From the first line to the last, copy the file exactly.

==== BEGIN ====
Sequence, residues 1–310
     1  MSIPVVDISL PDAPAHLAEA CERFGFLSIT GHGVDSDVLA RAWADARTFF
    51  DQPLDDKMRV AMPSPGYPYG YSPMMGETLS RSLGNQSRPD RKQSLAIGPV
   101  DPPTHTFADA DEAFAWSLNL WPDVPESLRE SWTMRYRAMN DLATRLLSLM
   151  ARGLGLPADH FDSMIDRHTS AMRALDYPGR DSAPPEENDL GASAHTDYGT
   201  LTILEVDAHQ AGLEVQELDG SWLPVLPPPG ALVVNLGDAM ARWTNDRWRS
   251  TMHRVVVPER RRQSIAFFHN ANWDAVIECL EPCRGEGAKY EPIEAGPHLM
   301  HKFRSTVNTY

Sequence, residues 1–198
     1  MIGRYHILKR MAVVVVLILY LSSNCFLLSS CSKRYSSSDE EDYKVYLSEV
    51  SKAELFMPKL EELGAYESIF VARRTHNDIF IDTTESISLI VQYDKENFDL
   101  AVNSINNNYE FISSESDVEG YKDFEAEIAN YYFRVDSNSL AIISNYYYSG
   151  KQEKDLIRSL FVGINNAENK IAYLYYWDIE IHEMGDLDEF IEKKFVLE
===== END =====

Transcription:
Sequence, residues 1–310
     1  MSIPVVDISL PDAPAHLAEA CERFGFLSIT GHGVDSDVLA RAWADARTFF
    51  DQPLDDKMRV AMPSPGYPYG YSPMMGETLS RSLGNQSRPD RKQSLAIGPV
   101  DPPTHTFADA DEAFAWSLNL WPDVPESLRE SWTMRYRAMN DLATRLLSLM
   151  ARGLGLPADH FDSMIDRHTS AMRALDYPGR DSAPPEENDL GASAHTDYGT
   201  LTILEVDAHQ AGLEVQELDG SWLPVLPPPG ALVVNLGDAM ARWTNDRWRS
   251  TMHRVVVPER RRQSIAFFHN ANWDAVIECL EPCRGEGAKY EPIEAGPHLM
   301  HKFRSTVNTY

Sequence, residues 1–198
     1  MIGRYHILKR MAVVVVLILY LSSNCFLLSS CSKRYSSSDE EDYKVYLSEV
    51  SKAELFMPKL EELGAYESIF VARRTHNDIF IDTTESISLI VQYDKENFDL
   101  AVNSINNNYE FISSESDVEG YKDFEAEIAN YYFRVDSNSL AIISNYYYSG
   151  KQEKDLIRSL FVGINNAENK IAYLYYWDIE IHEMGDLDEF IEKKFVLE